Yes, there will be a Shabbat elevator in the seven-story building at 14 Jabotinsky Street in Jerusalem, after a majority of the homeowners voted in favor of the change. Among those in favor were broadcaster Haim Yavin and his wife, Yosefa, who no longer live in the building.
A Shabbat elevator has a mechanism that, when set, modifies the elevator's electricity consumption to avoid violations of Jewish law, and stops the elevator on every floor.
The more than three years of tension that preceded the vote tell yet another tale of secular woe over what they call the "encroachment" of religious and ultra-Orthodox families on secular areas of Jerusalem - like the Talbieh area, where Jabotinsky Street is located.
"We are afraid of becoming extinct. Talbieh is the last secular bastion in Jerusalem," said Yemima Gabai, a resident of the building who opposed the Shabbat elevator.
"When the religious moved into the building they accepted that it was not a religious building, and now, retroactively, they want to turn the elevator into a Shabbat-observant one and shove us secular residents aside," Gabai added.
The Yavins were the ones who had raised the issue to the other tenants, even though they moved to Tel Aviv several years ago, residents said.
Elevator opponents said that the Yavins, who saw the writing on the wall, wanted the building to be more attractive to religious families so they could sell their apartment at a better price.
"We ended up with an absurd situation," said Shlomo, another one of the elevator opponents. "People like the Yavin family, who left Jerusalem because of its 'Haredization,' now want to be able to sell their apartment at the highest possible price and are thus making Jerusalem even more Haredi."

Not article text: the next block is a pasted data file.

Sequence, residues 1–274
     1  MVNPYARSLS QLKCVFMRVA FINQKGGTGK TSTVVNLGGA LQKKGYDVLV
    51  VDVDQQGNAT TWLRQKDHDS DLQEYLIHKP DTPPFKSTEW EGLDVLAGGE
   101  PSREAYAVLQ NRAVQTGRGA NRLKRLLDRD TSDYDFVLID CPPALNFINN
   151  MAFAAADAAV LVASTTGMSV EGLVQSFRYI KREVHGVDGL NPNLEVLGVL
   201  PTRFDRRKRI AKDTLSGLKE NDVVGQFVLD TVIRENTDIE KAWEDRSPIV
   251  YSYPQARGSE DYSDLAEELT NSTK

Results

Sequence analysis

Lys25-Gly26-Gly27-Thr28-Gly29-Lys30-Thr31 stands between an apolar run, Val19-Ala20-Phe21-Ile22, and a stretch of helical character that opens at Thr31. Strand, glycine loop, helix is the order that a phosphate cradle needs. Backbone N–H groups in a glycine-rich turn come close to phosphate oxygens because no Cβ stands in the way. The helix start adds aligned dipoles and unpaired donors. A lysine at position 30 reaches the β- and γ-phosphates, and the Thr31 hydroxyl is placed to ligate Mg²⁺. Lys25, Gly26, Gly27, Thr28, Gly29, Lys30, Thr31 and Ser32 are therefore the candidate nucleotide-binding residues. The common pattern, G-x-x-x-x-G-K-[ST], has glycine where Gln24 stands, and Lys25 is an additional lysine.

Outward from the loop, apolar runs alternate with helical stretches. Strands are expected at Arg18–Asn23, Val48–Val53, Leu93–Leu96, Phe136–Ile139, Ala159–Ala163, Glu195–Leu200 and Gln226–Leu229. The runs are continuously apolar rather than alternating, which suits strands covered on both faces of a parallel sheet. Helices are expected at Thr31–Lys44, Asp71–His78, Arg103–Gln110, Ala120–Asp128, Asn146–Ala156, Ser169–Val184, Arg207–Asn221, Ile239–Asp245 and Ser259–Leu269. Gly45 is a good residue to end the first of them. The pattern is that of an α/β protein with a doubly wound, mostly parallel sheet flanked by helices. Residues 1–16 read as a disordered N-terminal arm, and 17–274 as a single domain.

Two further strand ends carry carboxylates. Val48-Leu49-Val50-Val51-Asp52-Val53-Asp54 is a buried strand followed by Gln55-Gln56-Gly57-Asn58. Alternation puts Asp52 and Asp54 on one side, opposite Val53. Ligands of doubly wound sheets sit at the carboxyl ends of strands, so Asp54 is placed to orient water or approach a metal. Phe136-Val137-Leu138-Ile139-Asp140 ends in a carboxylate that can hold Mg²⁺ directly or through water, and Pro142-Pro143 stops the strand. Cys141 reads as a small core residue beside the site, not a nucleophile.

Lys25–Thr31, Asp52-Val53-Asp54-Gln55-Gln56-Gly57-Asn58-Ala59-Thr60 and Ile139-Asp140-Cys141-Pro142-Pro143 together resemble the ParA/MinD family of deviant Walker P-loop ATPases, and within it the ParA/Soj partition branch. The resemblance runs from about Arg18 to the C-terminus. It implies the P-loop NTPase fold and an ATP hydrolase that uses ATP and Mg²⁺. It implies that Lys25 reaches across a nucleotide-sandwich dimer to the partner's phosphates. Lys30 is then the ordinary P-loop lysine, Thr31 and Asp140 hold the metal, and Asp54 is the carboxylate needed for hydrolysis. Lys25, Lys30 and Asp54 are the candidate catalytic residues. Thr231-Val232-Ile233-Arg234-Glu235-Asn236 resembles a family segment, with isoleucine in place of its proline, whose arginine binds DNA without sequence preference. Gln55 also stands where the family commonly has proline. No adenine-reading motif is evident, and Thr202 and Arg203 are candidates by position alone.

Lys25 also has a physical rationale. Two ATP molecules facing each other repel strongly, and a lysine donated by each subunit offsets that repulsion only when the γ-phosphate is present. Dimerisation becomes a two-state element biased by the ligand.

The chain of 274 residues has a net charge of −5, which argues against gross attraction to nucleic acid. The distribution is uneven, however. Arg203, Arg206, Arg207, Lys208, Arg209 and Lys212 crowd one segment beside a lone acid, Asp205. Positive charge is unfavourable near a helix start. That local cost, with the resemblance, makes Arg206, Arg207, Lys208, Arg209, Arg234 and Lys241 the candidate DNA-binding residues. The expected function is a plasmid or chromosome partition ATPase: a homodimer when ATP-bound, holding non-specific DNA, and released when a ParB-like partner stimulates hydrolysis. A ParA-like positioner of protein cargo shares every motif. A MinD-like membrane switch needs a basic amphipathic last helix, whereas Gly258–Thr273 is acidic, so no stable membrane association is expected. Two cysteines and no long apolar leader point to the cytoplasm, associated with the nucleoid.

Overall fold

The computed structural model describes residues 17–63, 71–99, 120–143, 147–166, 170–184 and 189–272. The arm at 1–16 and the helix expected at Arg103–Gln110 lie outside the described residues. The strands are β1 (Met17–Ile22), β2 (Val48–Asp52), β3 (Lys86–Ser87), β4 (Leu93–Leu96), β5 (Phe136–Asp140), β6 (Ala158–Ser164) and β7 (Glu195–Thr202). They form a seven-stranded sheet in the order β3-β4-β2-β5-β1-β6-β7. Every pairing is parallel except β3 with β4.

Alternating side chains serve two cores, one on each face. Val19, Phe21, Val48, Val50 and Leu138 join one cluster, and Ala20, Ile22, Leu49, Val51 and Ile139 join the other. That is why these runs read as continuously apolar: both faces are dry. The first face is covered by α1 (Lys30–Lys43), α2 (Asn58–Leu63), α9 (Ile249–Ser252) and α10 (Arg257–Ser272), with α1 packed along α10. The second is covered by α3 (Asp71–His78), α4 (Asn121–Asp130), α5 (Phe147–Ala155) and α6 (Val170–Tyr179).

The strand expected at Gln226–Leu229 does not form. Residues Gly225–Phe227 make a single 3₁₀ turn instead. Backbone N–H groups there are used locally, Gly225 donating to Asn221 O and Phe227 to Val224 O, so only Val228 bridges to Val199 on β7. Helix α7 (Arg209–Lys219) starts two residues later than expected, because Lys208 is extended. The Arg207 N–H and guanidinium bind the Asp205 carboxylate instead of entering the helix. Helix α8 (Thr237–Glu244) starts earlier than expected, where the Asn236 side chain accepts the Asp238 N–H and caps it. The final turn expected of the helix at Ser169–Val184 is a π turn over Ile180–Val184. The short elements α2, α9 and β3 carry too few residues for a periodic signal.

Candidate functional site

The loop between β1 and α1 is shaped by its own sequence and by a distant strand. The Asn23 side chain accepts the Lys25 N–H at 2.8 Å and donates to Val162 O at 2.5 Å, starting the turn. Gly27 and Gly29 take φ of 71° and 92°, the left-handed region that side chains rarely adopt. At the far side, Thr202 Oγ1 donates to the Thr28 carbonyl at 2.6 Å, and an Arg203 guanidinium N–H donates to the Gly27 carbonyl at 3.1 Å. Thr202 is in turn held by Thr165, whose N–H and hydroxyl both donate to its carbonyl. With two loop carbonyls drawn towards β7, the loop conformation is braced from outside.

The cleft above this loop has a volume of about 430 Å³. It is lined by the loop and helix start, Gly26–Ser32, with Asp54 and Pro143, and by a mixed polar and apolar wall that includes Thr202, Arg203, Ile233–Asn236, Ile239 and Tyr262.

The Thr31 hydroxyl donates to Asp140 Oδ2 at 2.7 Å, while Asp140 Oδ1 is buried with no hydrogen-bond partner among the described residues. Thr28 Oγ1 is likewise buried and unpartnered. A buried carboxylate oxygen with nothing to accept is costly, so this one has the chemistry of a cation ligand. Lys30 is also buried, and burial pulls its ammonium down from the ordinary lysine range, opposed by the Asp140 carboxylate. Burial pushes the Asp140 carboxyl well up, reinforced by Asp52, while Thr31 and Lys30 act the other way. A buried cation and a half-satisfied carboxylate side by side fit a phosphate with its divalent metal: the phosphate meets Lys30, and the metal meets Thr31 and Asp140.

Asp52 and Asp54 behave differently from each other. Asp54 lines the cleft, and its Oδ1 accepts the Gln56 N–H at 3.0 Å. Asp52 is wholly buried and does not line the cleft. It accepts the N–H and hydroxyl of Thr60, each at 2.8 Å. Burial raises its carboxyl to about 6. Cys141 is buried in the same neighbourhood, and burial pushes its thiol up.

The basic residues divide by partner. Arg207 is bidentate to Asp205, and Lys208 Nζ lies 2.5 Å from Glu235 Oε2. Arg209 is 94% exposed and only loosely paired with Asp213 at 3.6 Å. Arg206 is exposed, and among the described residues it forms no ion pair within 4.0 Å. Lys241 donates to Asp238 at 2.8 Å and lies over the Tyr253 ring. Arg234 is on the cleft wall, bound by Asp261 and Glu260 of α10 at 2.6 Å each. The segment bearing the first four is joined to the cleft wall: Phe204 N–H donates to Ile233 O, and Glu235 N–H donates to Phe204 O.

It should be noted that unanimous agreement among the neighbors is no longer necessary to install a Shabbat elevator. The Knesset passed a law in March stipulating that in a building with only one elevator, residents can vote to turn it into a Shabbat elevator by a simple majority.
The law, initiated by MK Uri Orbach (Habayit Hayehudi ), had the support of numerous secular MKs, including Robert Ilatov (Yisrael Beiteinu ) and Eitan Cabel (Labor ).
"When the Knesset voted on this law, it might have looked as if it was just," said Dina Ilan, another Shabbat elevator opponent. "But they didn't realize that this is the tip of the iceberg of religious coercion."
Yosefa Yavin explained that the character of the building had changed, just as the character of much of Jerusalem had changed.
"If the majority wouldn't have wanted [the Shabbat elevator], it wouldn't have passed," she said. "It will operate only during prayer times, to allow older people who live in the building to get home without having to climb the stairs on Shabbat.
"I really don't understand the avarice of people," Yavin said. "We're talking about three people. Fifteen families, almost half of whom are secular, were interested in the Shabbat elevator."
Want to enjoy 'Zen' reading - with no ads and just the article? Subscribe todaySubscribe now